Trail of Tears dealing with shrinking budget
Sunday, September 20, 2009
The shrinking budget for Trail of Tears State Park does not include money to repair Lake Boutin, but park officials are looking at alternatives to bring swimming back to the park.
The Department of Natural Resources held a public meeting at the park Saturday to discuss ongoing projects and the park's budget. For fiscal year 2010, the park will receive $97,171 from the department, a drop from the $149,308 initially allocated for fiscal year 2009.
In December, the department cut 15 percent of money originally allocated for fiscal year 2009, said Denise Dowling, interpretive resource coordinator and acting natural resource manager. When funds were appropriated for the current fiscal year, parks saw another 15 percent cut, she said.
She said Trail of Tears submitted a request to close during December, January and February to stay within its operating budget. There are also two open positions that cannot be filled because of dwindling funds.
Closing the park is the best solution to save money and cause minimal impact to visitors, said Greg Combs, field operations supervisor for the Eastern Parks Division of Missouri Department of Natural Resources. The department has yet to decide on the request.
Meanwhile, areas in the park need repairs, including Lake Boutin, Moccasin Springs Road and Sheppard's Point.
Heavy rains in March 2008 caused high water levels in Lake Boutin, which put pressure on the dam. Seismic activity the next month further damaged the structure, Combs said. Initial repair estimates came in at $1 million.
"We realize we don't have $1 million to invest in this structure," he said.
To keep the the dam safe, park employees drained 10 feet of water out of the lake. In the process, they also drained the shallower swimming area.
The lake has been closed to swimmers since, which has hurt park attendance.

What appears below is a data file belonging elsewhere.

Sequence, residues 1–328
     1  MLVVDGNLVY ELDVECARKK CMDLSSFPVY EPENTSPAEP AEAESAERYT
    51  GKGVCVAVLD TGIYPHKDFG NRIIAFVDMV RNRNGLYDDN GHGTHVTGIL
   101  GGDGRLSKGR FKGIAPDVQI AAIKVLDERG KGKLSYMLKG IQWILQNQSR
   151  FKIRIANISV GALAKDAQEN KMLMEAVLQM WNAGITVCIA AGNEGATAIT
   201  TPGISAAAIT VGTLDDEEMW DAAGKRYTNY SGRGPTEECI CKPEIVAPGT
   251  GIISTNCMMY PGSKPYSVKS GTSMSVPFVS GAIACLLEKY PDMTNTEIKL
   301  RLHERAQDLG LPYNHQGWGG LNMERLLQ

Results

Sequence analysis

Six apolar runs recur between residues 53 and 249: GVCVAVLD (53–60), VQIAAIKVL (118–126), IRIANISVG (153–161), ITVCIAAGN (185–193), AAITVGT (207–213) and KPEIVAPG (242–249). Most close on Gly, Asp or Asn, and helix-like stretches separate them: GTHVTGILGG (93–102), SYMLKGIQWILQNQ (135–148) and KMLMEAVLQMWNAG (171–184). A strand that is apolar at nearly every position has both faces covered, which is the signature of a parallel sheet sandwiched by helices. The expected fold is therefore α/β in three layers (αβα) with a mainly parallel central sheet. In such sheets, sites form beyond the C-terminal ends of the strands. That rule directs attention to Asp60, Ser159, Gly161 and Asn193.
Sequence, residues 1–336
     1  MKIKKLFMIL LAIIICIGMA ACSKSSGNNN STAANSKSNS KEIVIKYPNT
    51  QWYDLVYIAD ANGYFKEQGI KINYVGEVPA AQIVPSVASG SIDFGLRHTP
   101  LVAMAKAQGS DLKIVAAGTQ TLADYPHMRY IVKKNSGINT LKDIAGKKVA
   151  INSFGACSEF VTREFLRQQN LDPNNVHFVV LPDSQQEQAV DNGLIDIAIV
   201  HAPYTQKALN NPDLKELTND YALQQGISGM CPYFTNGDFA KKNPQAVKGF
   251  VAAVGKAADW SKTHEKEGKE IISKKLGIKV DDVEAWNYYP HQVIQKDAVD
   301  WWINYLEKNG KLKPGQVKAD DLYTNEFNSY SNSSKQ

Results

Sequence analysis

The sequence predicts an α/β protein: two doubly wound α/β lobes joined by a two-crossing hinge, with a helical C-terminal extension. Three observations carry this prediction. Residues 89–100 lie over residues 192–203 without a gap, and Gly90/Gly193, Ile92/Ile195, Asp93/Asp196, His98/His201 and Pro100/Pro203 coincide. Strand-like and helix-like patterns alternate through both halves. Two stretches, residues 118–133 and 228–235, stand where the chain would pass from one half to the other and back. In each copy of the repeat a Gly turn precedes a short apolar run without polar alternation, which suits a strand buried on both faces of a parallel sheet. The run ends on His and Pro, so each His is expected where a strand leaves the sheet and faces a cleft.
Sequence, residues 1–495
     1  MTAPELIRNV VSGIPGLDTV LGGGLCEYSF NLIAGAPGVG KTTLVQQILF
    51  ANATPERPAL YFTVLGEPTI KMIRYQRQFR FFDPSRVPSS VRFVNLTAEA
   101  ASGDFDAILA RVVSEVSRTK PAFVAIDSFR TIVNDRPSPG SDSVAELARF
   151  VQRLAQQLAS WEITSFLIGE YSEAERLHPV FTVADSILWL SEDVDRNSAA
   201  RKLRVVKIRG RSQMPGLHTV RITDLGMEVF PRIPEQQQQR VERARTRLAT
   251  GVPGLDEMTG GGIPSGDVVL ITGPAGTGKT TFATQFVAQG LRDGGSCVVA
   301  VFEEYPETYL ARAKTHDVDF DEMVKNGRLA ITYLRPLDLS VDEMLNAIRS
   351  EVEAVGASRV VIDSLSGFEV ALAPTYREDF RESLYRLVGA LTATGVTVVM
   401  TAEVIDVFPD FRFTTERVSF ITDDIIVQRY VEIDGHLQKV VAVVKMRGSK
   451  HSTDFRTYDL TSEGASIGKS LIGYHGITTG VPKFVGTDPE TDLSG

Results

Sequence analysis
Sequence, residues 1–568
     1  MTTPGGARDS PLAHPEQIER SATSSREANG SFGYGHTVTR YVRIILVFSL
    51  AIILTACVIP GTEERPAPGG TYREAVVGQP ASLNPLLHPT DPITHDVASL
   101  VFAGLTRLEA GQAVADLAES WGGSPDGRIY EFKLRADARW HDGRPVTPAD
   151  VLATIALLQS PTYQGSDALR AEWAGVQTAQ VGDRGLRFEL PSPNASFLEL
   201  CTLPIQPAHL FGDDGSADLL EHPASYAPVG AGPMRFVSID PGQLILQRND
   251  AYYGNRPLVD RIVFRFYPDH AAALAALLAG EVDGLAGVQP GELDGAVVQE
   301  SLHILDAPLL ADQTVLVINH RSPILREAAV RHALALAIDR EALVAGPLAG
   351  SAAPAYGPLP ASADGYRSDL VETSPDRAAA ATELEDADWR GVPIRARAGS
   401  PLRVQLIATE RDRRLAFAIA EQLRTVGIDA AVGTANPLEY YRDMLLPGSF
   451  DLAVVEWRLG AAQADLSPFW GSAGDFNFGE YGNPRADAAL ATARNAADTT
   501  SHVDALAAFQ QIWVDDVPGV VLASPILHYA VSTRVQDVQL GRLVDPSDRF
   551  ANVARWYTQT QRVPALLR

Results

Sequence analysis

"Campers packed up and left because there was no swimming," Dowling said.
In 2007, campers reserved 685 campsites in the upper campground of the park. In 2008, that number dropped to 372. Between January and August there were 444 reserved sites, she said.
The park is looking at making repairs to re-establish the swimming area with the lake at its current level. Dowling said she hopes it will be open for swimming next year.
"The reality is this is where the lake level is going to be for a while," Dowling said.
In the next couple of weeks, divers will assess the swimming area to look at the possibility of relocating it. The park is trying to buy a pump because it has rented or borrowed a pump to bring the level down after heavy rains.
The lake has been open for special events. It opened for a triathlon last weekend and will be open for the annual Polar Bear Plunge. Dowling said lifeguards and emergency personnel are on hand to help on those occasions.
The meeting, which drew about 10 members of the public, also addressed other repair projects. The culvert on Moccasin Springs Road will be replaced. Dowling said the park will reroute the trail around Sheppard's Point, which has been closed because of landslides. Dowling said she is trying to get labor from the Department of Corrections to help create the new trail.
Trail of Tears State Park